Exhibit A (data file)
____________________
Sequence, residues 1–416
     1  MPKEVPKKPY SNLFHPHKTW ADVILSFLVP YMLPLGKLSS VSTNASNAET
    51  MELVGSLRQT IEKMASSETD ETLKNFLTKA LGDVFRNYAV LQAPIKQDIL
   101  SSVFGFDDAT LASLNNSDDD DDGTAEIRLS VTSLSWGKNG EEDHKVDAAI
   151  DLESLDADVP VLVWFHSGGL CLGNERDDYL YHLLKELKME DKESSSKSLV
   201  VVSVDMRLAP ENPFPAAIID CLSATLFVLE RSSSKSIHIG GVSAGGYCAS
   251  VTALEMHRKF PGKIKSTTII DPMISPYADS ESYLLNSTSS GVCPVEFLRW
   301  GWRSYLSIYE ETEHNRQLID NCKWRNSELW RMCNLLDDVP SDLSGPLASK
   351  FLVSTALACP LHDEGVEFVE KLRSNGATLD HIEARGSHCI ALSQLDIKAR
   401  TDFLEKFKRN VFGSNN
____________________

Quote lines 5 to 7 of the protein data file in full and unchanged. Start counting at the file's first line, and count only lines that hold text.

   151  DLESLDADVP VLVWFHSGGL CLGNERDDYL YHLLKELKME DKESSSKSLV
   201  VVSVDMRLAP ENPFPAAIID CLSATLFVLE RSSSKSIHIG GVSAGGYCAS
   251  VTALEMHRKF PGKIKSTTII DPMISPYADS ESYLLNSTSS GVCPVEFLRW